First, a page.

If you were in the audience for last year’s brilliant Photographer’s Lecture, you’ll want to try and get to Simon Norfolk’s exhibition at Tate Modern. Characteristically, Norfolk’s message is the futility of war and the outrageousness of imperialism. This exhibition explores the current situation in Afghanistan by revisiting – or as he puts it, re-imagining – the subject matter of John Burke, whose photographs of the Second Afghan War (1878–80) were among the earliest to have been taken in that country.
Norfolk has engaged in what he terms a collaboration with the earlier photographer, exhibiting his own digital work alongside modern prints of many of Burke’s wet-plate collodion images to demonstrate that Plus ça change, plus ç’est la même chose. And rather than making exact modern versions of Burke’s images, he has sought echoes or equivalents – what Burke might have photographed had he been in Afghanistan in 2010/11.
Thus where Burke captured a view of an expanse of tents – a British army camp – Norfolk shows a concrete and metal moonscape megalopolis constructed by the occupying American forces. And whereas Burke lovingly shows glimpses of the traditional culture of Afghanistan, Norfolk identifies the fake and vulgar architecture of the country’s new rich – the heroin-traders and gangsters – and the huge defensive structures built with American money, while the normal infrastructure and economy of a city are almost non-existent and the ordinary people struggle to survive.
In the video at the entrance to the exhibition, Simon Norfolk explains that he chose to use the blue light found before dawn or after sunset to symbolise his own blue, disillusioned view of Afghanistan as it now is. This contrasts with the optimistic golden hue of Burke’s albumen prints and indeed of Norfolk’s own previous work in the country. His images in the exhibition – mostly larger than Burke’s, but not huge – have an almost unreal beauty, and he has explained that he’s used beauty to seduce the viewer so that he can then make his powerful political and humanitarian points. Importantly, however, neither Norfolk nor Burke shows the carnage of the battlefield. Their points are made in terms of materiel, structures, the effect on the landscape.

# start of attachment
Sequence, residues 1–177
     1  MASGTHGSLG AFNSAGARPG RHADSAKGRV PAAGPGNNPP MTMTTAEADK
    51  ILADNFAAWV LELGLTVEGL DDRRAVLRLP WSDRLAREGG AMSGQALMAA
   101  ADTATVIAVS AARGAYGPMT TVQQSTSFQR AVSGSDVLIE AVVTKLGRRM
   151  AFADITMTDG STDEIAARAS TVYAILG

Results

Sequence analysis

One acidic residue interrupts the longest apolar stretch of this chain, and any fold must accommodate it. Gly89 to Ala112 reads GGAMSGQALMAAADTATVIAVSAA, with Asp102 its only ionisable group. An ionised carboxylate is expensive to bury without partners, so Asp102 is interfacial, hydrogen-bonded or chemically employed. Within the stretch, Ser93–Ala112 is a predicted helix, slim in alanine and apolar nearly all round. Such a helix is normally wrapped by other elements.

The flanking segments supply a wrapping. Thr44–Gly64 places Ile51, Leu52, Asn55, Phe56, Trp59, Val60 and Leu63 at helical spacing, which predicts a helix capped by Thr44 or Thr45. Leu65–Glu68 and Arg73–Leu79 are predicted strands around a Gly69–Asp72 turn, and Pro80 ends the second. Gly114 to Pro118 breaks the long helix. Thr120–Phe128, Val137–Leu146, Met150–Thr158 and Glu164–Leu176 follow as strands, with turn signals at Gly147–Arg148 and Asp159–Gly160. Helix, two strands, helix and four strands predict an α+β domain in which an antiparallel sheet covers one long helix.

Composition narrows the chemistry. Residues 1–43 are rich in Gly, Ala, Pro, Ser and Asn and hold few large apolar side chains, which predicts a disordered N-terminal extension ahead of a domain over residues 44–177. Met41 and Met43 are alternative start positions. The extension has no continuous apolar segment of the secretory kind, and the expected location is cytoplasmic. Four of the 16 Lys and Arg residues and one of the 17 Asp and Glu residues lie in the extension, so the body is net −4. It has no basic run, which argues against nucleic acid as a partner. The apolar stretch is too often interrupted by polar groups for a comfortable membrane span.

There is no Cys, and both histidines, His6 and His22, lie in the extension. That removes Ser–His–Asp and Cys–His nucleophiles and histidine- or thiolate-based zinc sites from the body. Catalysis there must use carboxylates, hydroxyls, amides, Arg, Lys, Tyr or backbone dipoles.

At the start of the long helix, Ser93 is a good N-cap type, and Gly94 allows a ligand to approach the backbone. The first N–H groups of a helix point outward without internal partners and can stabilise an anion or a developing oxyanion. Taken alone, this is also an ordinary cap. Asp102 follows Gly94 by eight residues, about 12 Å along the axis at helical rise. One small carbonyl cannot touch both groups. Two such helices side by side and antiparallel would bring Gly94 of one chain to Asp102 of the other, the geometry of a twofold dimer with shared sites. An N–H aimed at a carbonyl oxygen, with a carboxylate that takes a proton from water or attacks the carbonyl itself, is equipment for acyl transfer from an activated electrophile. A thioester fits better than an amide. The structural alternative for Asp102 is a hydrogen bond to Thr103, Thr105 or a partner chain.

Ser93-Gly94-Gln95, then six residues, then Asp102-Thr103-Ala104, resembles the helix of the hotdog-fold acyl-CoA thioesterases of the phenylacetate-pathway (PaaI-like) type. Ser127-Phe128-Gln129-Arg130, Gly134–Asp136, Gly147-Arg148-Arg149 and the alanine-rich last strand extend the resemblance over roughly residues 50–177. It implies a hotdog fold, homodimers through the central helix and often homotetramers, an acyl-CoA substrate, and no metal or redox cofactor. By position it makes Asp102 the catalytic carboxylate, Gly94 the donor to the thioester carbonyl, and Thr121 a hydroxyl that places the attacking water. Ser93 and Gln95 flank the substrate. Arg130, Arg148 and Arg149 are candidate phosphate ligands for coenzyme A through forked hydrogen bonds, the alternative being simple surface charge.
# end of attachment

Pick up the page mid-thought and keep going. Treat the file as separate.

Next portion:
Now the good news – from a SSHoP perspective. We normally publish material from the previous year’s Photographer’s Lecture in Studies in Photography, but this year, instead of an extract from his 2010 lecture, impressive though that was, Simon is generously allowing SSHoP to publish an edited and illustrated version of an interview that he gave to Paul Lowe on this Afghanistan exhibition.
So if you can’t make it to Tate Modern by 10 July you’ll still have a chance, at the end of the year, to see something of this outstanding show and to read Simon Norfolk’s powerful commentary.